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Celtic’s European exit a reality check for Scottish football

Celtic blew a huge chance to progress to the last 16 of the Europa League on Thursday night with a 4-2 aggregate loss to FC Copenhagen, a result that serves as a reality check for Scottish football.

The Bhoys’ lack of game management at this level showed with the Danish champions’ two late strikes, as defensive frailty reared its head for all three goals.

After thriving in a tough group, with notable home and away wins against Italian giants Lazio, Celtic appeared to struggle with the ‘favourites’ tag, particularly after taking an away-goals lead into the second leg.

The defeat will rankle even more given that this was not a Copenhagen side in a particularly rich vein of form, sitting nine points off the lead in the Superliga having not won domestically since January.

And Rangers’ progression, upsetting Braga 1-0 away to seal a 4-2 aggregate victory, is the final insult.

Ironically the Gers seem to have the opposite problem to their great rivals, overperforming in Europe while struggling for Scottish Premiership consistency.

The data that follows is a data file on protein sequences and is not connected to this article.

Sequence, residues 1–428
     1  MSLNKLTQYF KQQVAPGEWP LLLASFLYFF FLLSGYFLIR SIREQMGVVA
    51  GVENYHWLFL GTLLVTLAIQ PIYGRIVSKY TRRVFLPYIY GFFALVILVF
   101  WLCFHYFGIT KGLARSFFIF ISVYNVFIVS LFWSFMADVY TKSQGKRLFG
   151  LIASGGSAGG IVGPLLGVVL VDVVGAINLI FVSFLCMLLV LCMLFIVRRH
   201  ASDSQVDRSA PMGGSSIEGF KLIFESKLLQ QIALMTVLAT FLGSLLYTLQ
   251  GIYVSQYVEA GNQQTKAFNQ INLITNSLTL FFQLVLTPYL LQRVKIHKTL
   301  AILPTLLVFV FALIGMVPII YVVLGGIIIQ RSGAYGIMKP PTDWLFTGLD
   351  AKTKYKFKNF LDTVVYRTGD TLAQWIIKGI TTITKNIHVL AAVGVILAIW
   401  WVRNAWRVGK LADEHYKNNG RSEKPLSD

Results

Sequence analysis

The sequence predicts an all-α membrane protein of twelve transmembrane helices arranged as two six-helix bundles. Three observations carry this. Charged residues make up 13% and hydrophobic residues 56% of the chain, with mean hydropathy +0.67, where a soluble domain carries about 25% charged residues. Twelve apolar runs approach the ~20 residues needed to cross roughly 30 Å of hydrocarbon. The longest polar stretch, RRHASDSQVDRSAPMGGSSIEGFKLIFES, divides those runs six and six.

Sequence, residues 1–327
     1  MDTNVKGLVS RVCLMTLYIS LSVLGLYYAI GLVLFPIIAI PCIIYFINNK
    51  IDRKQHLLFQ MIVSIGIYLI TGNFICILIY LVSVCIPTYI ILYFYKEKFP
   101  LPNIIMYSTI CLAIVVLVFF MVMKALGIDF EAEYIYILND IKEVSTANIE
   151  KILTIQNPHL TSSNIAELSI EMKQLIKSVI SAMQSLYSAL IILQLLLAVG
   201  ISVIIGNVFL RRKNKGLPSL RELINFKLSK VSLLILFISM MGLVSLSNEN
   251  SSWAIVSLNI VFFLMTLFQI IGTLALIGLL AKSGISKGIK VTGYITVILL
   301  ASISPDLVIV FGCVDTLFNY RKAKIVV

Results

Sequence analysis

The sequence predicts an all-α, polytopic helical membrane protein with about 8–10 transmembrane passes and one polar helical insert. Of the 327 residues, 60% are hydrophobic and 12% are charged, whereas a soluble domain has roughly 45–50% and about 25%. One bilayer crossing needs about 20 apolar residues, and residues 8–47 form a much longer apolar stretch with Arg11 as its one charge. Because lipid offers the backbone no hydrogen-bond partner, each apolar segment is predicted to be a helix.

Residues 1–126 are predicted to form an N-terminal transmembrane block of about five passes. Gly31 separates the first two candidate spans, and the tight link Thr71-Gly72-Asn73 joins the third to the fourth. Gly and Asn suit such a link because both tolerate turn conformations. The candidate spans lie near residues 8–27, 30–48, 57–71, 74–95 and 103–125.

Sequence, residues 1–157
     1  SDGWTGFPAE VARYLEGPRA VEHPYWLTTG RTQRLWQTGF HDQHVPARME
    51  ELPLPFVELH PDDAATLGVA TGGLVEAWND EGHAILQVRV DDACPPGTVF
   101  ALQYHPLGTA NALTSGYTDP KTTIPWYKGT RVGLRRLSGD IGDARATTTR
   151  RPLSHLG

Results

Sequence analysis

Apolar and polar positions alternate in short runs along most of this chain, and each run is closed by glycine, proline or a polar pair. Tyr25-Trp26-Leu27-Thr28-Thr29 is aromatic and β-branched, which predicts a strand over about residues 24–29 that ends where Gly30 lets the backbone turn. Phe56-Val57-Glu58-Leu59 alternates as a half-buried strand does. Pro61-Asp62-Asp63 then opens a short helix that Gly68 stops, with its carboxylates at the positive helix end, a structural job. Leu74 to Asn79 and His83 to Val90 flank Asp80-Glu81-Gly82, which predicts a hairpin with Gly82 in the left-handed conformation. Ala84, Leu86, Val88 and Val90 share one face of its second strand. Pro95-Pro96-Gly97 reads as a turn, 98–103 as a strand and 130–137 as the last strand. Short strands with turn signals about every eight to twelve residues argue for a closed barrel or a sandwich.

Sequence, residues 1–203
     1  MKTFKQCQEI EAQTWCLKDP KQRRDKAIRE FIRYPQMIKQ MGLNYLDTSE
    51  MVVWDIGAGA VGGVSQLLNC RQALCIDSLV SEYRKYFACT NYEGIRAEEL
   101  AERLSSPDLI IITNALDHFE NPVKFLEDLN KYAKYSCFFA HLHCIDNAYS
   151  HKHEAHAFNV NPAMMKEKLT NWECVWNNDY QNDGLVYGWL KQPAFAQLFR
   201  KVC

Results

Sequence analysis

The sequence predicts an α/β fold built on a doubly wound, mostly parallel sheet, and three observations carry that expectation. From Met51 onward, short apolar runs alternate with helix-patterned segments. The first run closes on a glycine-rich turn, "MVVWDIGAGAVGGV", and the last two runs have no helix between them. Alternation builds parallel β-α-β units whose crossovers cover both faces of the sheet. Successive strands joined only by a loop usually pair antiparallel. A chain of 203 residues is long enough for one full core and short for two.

The pair’s woes – Celtic’s European and Rangers’ domestic – showcase the poor standard of the league as a whole.

Arguably the Hoops suffer in the same way Paris Saint-Germain do in the Champions League, a lack of meaningful competition at home meaning they struggle to adapt to teams of a higher quality.

Although there are some talented individuals plying their trade in Scotland, the most gifted are usually signed relatively young and outgrow the division within a few years.

Virgil van Dijk left Celtic years before hitting his prime with Liverpool, while Moussa Dembele is a more recent departure who is now a regular scorer in France’s Ligue 1 and often linked with a move to England.

Odsonne Edouard’s excellent form is attracting admiring glances across the continent, and it wouldn’t be surprising to see the ambitious Frenchman depart Parkhead in the summer.

The problem of retaining talent runs deeper than just the big two clubs, though; sides in England’s second tier frequently snatch promising players from Scotland’s top flight.

Just look at John McGinn; signed by then-Championship outfit Aston Villa from Hibernian for less than £3 million, he’s now one of the Villans’ most important players and plies his trade in the Premier League.

Celtic and Rangers’ European fortunes are now essentially the barometer for the overall strength of Scottish football.

To significantly improve the nation’s UEFA coefficient ranking, realistically it needs one of those two in the Champions League groups each season, and the other to consistently reach the knockout stages of the Europa League.

This would then open up further European places to the rest of the league, the only sure-fire way to improve the overall standard.

Until then, Scotland is destined to languish as a footballing third-tier country.

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